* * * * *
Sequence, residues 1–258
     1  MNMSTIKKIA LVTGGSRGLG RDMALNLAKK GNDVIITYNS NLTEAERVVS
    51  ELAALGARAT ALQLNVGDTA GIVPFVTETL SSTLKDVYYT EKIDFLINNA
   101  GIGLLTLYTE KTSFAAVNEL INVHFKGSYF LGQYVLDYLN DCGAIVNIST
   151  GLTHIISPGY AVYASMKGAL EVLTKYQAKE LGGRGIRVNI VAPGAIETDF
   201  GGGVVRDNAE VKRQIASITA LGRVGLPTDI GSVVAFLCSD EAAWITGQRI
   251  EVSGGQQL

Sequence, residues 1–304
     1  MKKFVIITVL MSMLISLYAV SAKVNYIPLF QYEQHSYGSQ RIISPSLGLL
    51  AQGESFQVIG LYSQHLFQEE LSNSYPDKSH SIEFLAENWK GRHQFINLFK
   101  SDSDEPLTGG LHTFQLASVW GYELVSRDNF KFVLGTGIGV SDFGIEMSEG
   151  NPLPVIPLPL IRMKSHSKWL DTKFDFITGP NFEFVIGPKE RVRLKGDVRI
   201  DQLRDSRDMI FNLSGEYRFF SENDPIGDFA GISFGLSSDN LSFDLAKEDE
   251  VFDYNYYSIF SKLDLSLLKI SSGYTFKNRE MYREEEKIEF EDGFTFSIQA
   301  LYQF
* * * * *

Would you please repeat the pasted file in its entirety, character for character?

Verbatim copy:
Sequence, residues 1–258
     1  MNMSTIKKIA LVTGGSRGLG RDMALNLAKK GNDVIITYNS NLTEAERVVS
    51  ELAALGARAT ALQLNVGDTA GIVPFVTETL SSTLKDVYYT EKIDFLINNA
   101  GIGLLTLYTE KTSFAAVNEL INVHFKGSYF LGQYVLDYLN DCGAIVNIST
   151  GLTHIISPGY AVYASMKGAL EVLTKYQAKE LGGRGIRVNI VAPGAIETDF
   201  GGGVVRDNAE VKRQIASITA LGRVGLPTDI GSVVAFLCSD EAAWITGQRI
   251  EVSGGQQL

Sequence, residues 1–304
     1  MKKFVIITVL MSMLISLYAV SAKVNYIPLF QYEQHSYGSQ RIISPSLGLL
    51  AQGESFQVIG LYSQHLFQEE LSNSYPDKSH SIEFLAENWK GRHQFINLFK
   101  SDSDEPLTGG LHTFQLASVW GYELVSRDNF KFVLGTGIGV SDFGIEMSEG
   151  NPLPVIPLPL IRMKSHSKWL DTKFDFITGP NFEFVIGPKE RVRLKGDVRI
   201  DQLRDSRDMI FNLSGEYRFF SENDPIGDFA GISFGLSSDN LSFDLAKEDE
   251  VFDYNYYSIF SKLDLSLLKI SSGYTFKNRE MYREEEKIEF EDGFTFSIQA
   301  LYQF